In 1938, a corpse is washed up on an Istanbul beach. An identity card found on the body identifies the man as Dimitrios Makopoulus, a notorious international criminal. Later, at a musicale, Colonel Haki of the Turkish police starts to tell Dimitrios' story to Dutch mystery writer Cornelius Leyden. Intrigued, Leyden asks to see the corpse. Haki complies and then continues his story in Leyden's hotel room: Haki first became aware of the criminal in 1922, when Dimitrios, a Smyrnan fig picker, killed a man after a robbery and let another man be executed for the crime. Most recently, Haki adds, Dimitrios worked in Paris as part of an international smuggling ring. Leyden decides that Dimitrios would be a wonderful character for a novel and leaves for Athens, where Dimitrios began his career. Meanwhile, the mysterious Mr. Peters also hears of Dimitrios' death. When he learns the body has already been destroyed, he also travels to Athens. Leyden, meanwhile, moves on to Sofia, where he is introduced to Irana Preveza, a former lover of Dimitrios. She tells him that years earlier, Dimitrios was involved in an assassination attempt and left the country using money borrowed from Irana. Despite his promises, Dimitrios never returned the money. Leyden returns to his hotel room and finds that Peters has searched it. Peters admits that he has followed Leyden from Athens and demands to know why he is interested in Dimitrios. Peters then proposes that Leyden continue his investigation and promises that there will be a financial reward. Leyden then visits with Wladislaw Grodek, a former spymaster, who hired Dimitrios to steal ... +


In 1938, a corpse is washed up on an Istanbul beach. An identity card found on the body identifies the man as Dimitrios Makopoulus, a notorious international criminal. Later, at a musicale, Colonel Haki of the Turkish police starts to tell Dimitrios' story to Dutch mystery writer Cornelius Leyden. Intrigued, Leyden asks to see the corpse. Haki complies and then continues his story in Leyden's hotel room: Haki first became aware of the criminal in 1922, when Dimitrios, a Smyrnan fig picker, killed a man after a robbery and let another man be executed for the crime. Most recently, Haki adds, Dimitrios worked in Paris as part of an international smuggling ring. Leyden decides that Dimitrios would be a wonderful character for a novel and leaves for Athens, where Dimitrios began his career. Meanwhile, the mysterious Mr. Peters also hears of Dimitrios' death. When he learns the body has already been destroyed, he also travels to Athens. Leyden, meanwhile, moves on to Sofia, where he is introduced to Irana Preveza, a former lover of Dimitrios. She tells him that years earlier, Dimitrios was involved in an assassination attempt and left the country using money borrowed from Irana. Despite his promises, Dimitrios never returned the money. Leyden returns to his hotel room and finds that Peters has searched it. Peters admits that he has followed Leyden from Athens and demands to know why he is interested in Dimitrios. Peters then proposes that Leyden continue his investigation and promises that there will be a financial reward. Leyden then visits with Wladislaw Grodek, a former spymaster, who hired Dimitrios to steal the charts of certain mine fields. Grodek recalls the following story about Dimitrios: In order to get the charts, Dimitrios callously plays on the insecurities of Karel Bulic, a homely clerk married to a beautiful woman. When Bulic is hopelessly indebted to a professional gambler, Dimitrios asks him to steal the charts in return for clearing his debt. Once he is in possession, Dimitrios double-crosses his employers and sells the charts to another government. Bulic later commits suicide. A curious Leyden now returns to Paris and meets with Peters, who is revealed to be Erik Peterson, a former member of Dimitrios' smuggling gang. Peters informs Leyden that the body he saw was not that of Dimitrios, who is alive and living in Paris. As the only person who saw the corpse and can confirm that it was not Dimitrios, Leyden is in a position to blackmail Dimitrios. Against his better judgment, Leyden agrees to Peters' blackmail plan. Dimitrios pays the men at a pre-arranged location, but later discovers where they are staying and shoots Peters. While Leyden struggles with Dimitrios, the wounded Peters grabs a gun and kills Dimitrios. Later, the police arrest Peters for Dimitrios' murder, and Leyden is left alone to write the story. +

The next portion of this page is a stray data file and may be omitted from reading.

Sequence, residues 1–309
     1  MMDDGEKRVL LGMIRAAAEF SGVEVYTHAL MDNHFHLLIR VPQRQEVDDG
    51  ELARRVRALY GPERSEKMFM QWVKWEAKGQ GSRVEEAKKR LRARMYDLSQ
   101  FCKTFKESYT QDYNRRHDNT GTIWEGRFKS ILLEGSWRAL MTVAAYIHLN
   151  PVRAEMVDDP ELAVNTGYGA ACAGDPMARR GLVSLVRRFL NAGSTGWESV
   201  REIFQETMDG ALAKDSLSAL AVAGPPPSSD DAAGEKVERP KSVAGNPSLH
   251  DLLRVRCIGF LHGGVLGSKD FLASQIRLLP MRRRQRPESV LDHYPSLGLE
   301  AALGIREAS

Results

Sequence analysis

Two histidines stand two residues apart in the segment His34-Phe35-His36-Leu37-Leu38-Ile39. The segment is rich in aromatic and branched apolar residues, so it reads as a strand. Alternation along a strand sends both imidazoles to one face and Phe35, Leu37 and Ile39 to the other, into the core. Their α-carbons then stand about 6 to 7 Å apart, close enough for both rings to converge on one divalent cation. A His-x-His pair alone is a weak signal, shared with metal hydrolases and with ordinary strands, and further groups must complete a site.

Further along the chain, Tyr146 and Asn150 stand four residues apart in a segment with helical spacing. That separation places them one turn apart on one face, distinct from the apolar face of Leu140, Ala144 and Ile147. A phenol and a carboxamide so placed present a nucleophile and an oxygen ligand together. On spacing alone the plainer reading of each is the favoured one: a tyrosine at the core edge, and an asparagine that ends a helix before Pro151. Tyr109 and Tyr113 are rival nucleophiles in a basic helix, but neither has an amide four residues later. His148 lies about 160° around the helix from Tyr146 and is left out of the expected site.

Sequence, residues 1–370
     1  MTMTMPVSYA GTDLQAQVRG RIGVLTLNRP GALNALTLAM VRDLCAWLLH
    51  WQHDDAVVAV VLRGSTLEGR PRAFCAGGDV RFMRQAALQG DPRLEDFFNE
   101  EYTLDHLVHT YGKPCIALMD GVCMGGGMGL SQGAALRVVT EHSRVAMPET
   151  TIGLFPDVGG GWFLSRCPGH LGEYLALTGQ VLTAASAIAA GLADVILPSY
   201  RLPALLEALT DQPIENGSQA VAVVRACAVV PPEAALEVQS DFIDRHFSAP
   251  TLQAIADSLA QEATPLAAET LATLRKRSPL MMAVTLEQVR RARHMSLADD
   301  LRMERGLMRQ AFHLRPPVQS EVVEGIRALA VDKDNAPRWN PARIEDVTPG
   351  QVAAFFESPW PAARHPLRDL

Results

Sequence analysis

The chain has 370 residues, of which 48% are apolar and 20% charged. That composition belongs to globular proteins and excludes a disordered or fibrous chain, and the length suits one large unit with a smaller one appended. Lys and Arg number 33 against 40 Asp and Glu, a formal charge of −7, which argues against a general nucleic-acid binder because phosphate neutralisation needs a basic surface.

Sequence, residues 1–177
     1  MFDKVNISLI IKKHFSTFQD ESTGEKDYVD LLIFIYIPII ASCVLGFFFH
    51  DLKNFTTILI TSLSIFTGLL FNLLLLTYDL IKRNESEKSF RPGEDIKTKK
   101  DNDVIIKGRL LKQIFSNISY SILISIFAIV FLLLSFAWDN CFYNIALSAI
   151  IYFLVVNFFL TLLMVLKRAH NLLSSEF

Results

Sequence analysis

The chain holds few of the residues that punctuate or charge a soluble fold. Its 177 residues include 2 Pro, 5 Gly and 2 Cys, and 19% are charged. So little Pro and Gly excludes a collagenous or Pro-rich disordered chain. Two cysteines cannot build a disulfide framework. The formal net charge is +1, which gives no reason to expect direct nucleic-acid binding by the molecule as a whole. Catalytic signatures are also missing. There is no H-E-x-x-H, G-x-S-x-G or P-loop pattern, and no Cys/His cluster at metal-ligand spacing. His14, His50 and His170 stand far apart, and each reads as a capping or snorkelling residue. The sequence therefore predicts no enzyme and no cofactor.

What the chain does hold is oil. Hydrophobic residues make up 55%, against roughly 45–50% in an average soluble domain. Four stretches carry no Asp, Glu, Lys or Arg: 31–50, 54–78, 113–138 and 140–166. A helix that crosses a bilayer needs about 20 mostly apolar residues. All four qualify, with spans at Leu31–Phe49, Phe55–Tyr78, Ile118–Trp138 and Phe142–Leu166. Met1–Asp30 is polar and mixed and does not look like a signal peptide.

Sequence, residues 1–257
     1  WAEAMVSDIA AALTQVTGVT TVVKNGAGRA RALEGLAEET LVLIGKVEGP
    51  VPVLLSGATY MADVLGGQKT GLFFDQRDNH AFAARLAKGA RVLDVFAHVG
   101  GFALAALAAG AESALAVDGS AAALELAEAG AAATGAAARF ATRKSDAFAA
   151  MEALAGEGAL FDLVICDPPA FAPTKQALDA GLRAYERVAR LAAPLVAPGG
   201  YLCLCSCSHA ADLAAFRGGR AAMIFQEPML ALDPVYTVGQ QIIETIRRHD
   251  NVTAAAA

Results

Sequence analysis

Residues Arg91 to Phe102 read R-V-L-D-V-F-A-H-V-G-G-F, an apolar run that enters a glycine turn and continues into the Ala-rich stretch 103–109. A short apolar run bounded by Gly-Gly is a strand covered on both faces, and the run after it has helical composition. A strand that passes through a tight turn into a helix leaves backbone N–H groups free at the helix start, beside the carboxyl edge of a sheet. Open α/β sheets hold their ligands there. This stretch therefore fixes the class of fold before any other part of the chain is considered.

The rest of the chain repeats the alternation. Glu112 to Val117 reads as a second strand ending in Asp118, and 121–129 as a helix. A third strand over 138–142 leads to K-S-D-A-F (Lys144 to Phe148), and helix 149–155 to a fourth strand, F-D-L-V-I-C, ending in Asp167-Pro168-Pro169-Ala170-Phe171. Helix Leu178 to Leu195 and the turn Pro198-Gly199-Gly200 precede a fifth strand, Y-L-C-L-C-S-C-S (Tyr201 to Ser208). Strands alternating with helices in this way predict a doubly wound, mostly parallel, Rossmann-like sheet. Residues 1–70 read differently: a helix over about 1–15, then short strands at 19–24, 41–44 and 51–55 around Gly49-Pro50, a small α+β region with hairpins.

Legend
Viewed by AFI
Partially Viewed
Offscreen Credit
Name Occurs Before Title
AFI Life Achievement Award